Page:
In the right hands, the TV miniseries can do amazing things.  Case in point: the 2006 German production Dresden, now available on DVD in the US.  The cataclysmic backdrop is the firebombing of that city, said to be the most beautiful in Germany, by the British Royal Air Force in 1945 -- an act that some have compared with America's dropping of atomic bombs on the Japanese cities of Hiroshima and Nagasaki.

Predictably in a production that carefully weighs the guilt of both sides, the love story is between an English pilot shot down over Dresden a few days before the firebombing and a German nurse who helps him.  Conveniently, the pilot (John Light) is the German-speaking son of a German mother; so he and the lovely Anna (Felicitas Woll) have no trouble communicating their way into romance.

I was not one of the critics who disliked Holocaust.  Of course it did not do justice to its topic.  But surely some awareness in the popular mind is better than none.  And the same can be said of Dresden.  If your reaction to that immense act of destruction was "they deserved it," I won't argue.  But see this film anyway.  It treads a delicate path between showing the evil of the regime (the scales tip deeply toward Germany's greater guilt) and reminding us that along with a horrendous load of guilt, Germany carries a horrendous memory of suffering.  And compared with some countries in the world, the Germans work very hard at coming to terms with both.  Even at the price of borrowing formulas from the USA.

July 19, 2009 8:03 PM |
Bella.jpgTwo young Latino men in a souped-up car, laughing and preening about their good looks and nice clothes ... what do we expect to see next?  A drug deal?  A sexy woman pushed around by macho men?  Maybe a hail of gunfire and spurts of blood on the nice upholstery?

Bella (2006) steps into none of these cliches.  Instead, it drives that flashy car right into a real-life tragedy followed by a beautifully drawn process of real-life redemption.  The debut film of Mexican director Alejandro Monteverde and starring another young Mexican, Eduardo Verastegui, Bella deftly weaves together the fates of a lonely young waitress (Tammy Blanchard) unable to imagine any outcome to her unwanted pregnancy but abortion, and her co-worker (Verastegui) who tries, for reasons of his own, to expand the range of her imagining.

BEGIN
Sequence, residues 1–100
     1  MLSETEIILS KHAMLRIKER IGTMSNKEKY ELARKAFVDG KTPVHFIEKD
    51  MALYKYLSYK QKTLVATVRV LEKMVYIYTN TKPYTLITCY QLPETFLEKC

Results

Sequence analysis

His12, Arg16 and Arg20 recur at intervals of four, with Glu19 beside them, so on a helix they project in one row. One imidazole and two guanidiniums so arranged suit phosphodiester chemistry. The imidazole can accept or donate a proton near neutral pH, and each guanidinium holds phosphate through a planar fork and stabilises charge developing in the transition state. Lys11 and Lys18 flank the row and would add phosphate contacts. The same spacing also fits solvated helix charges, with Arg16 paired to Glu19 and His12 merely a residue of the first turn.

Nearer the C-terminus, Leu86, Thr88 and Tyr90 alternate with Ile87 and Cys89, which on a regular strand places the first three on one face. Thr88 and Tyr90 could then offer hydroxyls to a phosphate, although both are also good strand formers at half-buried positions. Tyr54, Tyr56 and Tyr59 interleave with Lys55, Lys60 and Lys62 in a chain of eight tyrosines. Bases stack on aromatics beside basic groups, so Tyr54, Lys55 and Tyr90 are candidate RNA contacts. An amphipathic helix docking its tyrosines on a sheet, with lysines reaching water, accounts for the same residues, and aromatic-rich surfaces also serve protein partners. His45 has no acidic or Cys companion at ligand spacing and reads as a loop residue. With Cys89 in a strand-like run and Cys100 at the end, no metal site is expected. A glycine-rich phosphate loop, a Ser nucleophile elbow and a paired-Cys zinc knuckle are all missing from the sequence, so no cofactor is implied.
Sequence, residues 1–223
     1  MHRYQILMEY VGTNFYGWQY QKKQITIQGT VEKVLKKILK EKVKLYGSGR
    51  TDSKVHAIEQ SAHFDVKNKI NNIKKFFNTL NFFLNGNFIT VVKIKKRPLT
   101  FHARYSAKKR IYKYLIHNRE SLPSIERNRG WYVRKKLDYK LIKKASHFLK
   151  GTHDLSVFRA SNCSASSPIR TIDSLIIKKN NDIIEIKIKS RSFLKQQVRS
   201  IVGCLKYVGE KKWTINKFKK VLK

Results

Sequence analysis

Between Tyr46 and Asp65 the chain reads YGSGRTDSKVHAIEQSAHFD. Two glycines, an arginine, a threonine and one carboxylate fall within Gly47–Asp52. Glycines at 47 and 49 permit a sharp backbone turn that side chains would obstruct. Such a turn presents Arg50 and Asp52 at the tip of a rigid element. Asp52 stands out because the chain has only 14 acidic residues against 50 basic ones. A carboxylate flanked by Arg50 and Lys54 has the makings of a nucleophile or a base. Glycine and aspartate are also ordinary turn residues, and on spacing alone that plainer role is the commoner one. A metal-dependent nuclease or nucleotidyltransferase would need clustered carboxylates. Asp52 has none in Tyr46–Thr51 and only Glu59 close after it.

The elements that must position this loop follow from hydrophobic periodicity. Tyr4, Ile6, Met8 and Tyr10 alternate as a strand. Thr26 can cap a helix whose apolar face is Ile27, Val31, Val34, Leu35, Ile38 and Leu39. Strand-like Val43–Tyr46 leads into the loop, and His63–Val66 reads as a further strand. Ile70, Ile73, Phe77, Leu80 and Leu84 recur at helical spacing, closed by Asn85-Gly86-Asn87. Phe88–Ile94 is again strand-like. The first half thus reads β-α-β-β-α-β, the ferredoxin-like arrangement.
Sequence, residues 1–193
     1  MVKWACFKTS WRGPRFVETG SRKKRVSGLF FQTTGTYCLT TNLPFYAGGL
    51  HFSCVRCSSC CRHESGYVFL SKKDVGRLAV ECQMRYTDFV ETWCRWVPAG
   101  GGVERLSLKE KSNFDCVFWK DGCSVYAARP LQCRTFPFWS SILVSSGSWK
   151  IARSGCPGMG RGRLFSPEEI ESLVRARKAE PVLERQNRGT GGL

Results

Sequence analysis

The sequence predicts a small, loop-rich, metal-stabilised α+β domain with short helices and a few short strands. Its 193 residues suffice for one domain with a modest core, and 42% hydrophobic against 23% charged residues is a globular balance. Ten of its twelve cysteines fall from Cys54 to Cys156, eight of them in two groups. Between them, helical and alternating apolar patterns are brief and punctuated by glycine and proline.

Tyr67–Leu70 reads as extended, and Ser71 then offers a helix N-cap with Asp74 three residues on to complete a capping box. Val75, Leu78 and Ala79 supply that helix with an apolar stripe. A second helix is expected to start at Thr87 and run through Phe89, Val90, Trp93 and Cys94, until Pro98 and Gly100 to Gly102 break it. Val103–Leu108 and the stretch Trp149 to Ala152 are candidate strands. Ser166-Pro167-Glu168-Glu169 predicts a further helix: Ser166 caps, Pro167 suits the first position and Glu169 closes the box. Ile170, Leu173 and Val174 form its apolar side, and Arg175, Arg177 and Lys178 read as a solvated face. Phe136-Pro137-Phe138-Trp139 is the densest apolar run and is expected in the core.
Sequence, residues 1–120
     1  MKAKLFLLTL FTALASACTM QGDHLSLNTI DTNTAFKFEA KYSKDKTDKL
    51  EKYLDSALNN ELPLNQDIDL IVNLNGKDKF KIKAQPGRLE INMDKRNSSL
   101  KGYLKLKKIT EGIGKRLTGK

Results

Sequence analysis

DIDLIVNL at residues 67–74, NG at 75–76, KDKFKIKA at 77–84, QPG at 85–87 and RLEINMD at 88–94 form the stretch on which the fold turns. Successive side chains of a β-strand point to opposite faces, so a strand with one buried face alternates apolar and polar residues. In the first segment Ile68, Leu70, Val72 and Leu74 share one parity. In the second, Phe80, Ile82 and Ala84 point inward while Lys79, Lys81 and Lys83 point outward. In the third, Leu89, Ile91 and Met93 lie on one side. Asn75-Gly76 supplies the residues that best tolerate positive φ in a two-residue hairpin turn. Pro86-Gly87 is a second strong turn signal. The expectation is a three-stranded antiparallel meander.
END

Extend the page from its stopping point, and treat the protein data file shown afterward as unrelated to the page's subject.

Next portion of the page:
July 12, 2009 7:57 PM |
Iran.jpgThings are still boiling in Iran, and I cannot presume to know what's really going on under the lid.  But I can explain why some of the chitter-chatter about it seems silly to me.  This piece appeared in the Boston Globe, then was picked up by the International Herald Tribune.

The protests in Iran have been dubbed the "Twitter Revolution'' because the latest social-networking tools proved useful in organizing demonstrations and uploading eyewitness texts, images, and videos to the Internet. Indeed, the shooting death of 26-year-old Neda Agha Soltan became an icon after the "citizen journalist'' who captured it on video sent the link to a friend outside Iran, who posted it on YouTube and forwarded it to the Persian-language service of the Voice of America. Finally, at the end of what is now a turbo-boosted news cycle, the video appeared on CNN.

But what if this sudden deployment of media technology doesn't move the regime?

July 6, 2009 9:16 PM |